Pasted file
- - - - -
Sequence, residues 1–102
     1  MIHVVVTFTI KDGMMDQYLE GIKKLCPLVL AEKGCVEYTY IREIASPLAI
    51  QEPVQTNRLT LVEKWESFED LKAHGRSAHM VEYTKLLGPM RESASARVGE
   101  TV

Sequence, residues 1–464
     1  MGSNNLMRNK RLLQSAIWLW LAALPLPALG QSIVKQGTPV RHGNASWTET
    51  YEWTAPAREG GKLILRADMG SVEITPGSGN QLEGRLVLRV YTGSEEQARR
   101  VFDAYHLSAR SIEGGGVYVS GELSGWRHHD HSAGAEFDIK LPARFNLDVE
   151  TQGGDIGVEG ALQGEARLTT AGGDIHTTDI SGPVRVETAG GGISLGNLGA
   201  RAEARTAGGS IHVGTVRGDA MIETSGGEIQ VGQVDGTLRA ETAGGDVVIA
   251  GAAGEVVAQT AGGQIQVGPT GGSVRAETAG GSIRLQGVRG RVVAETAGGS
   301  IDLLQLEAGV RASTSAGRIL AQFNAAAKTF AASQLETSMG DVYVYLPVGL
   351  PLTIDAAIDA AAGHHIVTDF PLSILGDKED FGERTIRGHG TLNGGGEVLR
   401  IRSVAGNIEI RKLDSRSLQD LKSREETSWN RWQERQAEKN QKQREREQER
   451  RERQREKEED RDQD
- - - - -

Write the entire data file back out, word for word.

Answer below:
Sequence, residues 1–102
     1  MIHVVVTFTI KDGMMDQYLE GIKKLCPLVL AEKGCVEYTY IREIASPLAI
    51  QEPVQTNRLT LVEKWESFED LKAHGRSAHM VEYTKLLGPM RESASARVGE
   101  TV

Sequence, residues 1–464
     1  MGSNNLMRNK RLLQSAIWLW LAALPLPALG QSIVKQGTPV RHGNASWTET
    51  YEWTAPAREG GKLILRADMG SVEITPGSGN QLEGRLVLRV YTGSEEQARR
   101  VFDAYHLSAR SIEGGGVYVS GELSGWRHHD HSAGAEFDIK LPARFNLDVE
   151  TQGGDIGVEG ALQGEARLTT AGGDIHTTDI SGPVRVETAG GGISLGNLGA
   201  RAEARTAGGS IHVGTVRGDA MIETSGGEIQ VGQVDGTLRA ETAGGDVVIA
   251  GAAGEVVAQT AGGQIQVGPT GGSVRAETAG GSIRLQGVRG RVVAETAGGS
   301  IDLLQLEAGV RASTSAGRIL AQFNAAAKTF AASQLETSMG DVYVYLPVGL
   351  PLTIDAAIDA AAGHHIVTDF PLSILGDKED FGERTIRGHG TLNGGGEVLR
   401  IRSVAGNIEI RKLDSRSLQD LKSREETSWN RWQERQAEKN QKQREREQER
   451  RERQREKEED RDQD